Feb 12, 2014
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COLCHICUM LUTEUM

Written by

Baker.

Family ► Liliaceae.

Habitat ► The temperate Himalayas from Kashmir to Chamba. Major supplies of the drug are received from Kashmir.

English ► Hermodactyls, Colchicum, Meadow Saffron, Golden Collyrium (Indian substitute). (C. luteum is a good substitute for C. autumnale L. which is official in the B.P.)

Ayurvedic ► Hiranyatuttha.

Unani ► Suranjaan Talkh.

Action ► Non-steroidal antiinflammatory, anti-gout (relieves inflammation and pain of acute gout but does not increase expulsion of uric acid, is used with an alkaline diuretic), emetic, cathartic. Anti-chemotactic, antiphlogistic, inhibitor of mitosis. Highly toxic. Used for external application to lessen inflammation and pain.

Key application ► In acute gout attack. (German Commission E.)

The fresh corms and aerial parts of a sample from Jammu yielded 0.94% and 070% of total alkaloids, the major being colchicine 0.40% and 0.20% respectively. Colchicine analogs— decteyl thiocolchicine (DTC), decetyl- methylcolchicine (DMC) and tri- methylcolchicinic acid (TMCA) were effective in the treatment of gout; DTC may elicit agranulocytosis.

Colchicine binds to tubulin, the protein subunit of microtubules. Its most important biological effect is the inhibition of processes that depend upon microtubule function by blocking polymerization. In preventing micro- tubule formation, colchicine has been shown to inhibit catecholamine secretion from adrenal medulla, iodine secretion from thyroid gland and pro- lactin secretion from pituitary tumour cells. It inhibits stimulated insulin secretion from isolated perfused pancreas and islets in vitro.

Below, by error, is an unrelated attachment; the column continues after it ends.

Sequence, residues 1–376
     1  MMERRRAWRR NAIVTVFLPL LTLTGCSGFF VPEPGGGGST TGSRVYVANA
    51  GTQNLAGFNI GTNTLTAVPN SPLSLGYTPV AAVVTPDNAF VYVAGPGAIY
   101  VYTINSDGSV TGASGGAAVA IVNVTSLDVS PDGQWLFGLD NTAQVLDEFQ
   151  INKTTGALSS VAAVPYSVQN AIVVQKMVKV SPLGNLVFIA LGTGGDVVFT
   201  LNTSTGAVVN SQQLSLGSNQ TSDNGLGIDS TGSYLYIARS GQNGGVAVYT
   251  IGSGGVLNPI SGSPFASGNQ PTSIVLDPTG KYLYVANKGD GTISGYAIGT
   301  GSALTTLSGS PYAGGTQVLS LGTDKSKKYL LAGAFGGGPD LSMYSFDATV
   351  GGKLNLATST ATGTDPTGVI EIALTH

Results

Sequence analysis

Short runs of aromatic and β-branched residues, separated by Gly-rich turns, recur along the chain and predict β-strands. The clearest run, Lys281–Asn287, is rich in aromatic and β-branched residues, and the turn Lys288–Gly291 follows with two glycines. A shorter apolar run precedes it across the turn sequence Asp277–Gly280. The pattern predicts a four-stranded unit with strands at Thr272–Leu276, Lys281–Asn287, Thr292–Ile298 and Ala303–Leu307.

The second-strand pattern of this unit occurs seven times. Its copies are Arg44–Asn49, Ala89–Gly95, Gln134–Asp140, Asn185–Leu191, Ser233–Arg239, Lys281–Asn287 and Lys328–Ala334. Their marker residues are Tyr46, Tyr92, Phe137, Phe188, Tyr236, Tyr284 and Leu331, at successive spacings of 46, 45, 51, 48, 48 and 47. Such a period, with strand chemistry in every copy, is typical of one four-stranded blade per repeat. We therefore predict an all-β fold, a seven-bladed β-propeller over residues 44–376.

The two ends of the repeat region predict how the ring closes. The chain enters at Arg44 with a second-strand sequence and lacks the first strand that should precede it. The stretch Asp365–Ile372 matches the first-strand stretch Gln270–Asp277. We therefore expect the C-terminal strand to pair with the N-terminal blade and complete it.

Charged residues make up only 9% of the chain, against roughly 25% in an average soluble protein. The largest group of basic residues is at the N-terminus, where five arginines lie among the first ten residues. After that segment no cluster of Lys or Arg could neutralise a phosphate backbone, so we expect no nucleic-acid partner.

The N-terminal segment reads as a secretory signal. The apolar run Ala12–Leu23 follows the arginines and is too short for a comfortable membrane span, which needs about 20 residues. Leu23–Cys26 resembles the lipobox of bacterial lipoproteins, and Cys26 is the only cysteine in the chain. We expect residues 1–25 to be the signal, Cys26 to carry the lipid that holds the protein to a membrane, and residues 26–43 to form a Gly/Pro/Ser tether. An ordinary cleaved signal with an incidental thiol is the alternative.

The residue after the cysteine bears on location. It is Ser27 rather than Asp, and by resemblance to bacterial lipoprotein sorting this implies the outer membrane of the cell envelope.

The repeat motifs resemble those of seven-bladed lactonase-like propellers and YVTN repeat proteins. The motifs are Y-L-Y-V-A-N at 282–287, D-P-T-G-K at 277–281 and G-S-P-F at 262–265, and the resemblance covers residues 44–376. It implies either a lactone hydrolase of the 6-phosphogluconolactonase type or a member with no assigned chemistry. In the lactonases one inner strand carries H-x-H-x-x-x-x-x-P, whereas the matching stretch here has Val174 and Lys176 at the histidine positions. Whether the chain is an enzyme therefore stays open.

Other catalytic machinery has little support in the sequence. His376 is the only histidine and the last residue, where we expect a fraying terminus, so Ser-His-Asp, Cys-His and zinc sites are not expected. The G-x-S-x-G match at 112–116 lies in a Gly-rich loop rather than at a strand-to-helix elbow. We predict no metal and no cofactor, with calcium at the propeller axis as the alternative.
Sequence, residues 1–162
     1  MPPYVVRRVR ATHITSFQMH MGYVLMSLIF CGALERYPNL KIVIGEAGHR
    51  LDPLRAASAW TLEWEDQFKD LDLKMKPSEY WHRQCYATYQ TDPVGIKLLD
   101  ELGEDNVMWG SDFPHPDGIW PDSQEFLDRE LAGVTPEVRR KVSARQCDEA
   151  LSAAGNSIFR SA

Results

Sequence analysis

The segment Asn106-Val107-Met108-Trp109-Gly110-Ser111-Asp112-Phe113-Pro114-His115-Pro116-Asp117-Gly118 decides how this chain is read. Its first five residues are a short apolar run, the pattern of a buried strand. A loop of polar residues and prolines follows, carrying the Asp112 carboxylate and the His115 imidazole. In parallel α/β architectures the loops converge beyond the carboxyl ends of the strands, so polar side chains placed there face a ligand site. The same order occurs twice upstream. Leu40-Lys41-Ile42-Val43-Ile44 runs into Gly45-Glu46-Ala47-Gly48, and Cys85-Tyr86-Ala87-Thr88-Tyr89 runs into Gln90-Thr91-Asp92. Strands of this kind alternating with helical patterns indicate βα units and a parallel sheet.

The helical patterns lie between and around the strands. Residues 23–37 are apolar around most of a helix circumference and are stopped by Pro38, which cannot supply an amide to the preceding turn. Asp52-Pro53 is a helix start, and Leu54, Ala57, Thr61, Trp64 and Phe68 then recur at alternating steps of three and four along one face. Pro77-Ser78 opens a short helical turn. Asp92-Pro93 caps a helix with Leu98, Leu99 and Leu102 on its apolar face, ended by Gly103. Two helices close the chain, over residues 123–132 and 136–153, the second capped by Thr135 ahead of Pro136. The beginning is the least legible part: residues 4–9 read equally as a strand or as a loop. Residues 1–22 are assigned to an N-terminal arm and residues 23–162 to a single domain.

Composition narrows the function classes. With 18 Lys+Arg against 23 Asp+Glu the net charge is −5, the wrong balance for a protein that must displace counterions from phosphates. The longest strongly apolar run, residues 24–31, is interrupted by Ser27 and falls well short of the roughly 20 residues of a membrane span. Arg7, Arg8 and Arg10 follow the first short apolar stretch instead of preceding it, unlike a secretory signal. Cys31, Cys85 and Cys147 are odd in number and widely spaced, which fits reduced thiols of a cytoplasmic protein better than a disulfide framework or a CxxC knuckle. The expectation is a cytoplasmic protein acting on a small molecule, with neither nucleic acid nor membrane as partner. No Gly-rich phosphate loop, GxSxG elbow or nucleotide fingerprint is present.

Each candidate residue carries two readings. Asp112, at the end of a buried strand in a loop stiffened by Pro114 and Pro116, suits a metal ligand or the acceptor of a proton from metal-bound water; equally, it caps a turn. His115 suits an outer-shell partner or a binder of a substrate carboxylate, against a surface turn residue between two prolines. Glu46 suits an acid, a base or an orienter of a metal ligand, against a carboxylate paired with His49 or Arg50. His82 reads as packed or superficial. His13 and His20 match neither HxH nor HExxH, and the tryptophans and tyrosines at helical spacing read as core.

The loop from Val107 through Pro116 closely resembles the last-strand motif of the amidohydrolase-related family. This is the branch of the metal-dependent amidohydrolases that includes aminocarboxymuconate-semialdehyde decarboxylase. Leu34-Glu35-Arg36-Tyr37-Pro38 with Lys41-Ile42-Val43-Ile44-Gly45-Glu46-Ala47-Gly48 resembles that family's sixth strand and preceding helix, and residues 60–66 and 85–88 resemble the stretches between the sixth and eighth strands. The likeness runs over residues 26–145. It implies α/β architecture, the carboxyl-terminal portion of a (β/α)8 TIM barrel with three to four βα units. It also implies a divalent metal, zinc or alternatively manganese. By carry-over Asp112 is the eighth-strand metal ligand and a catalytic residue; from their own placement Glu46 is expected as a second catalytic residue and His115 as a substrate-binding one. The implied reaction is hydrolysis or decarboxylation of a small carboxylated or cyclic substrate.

The use of Colchicum for long periods is not recommended owing to its toxicity in larger doses (even 7 mg of colchicine has caused death) and its depressant action upon central nervous system.

Prolonged use of Colchicum autum- nale may cause agranulocytosis, aplas- tic anaemia and peripheral nerve inflammation. (Sharon M. Herr.)

Article Categories:
Indian Medicinal Plants

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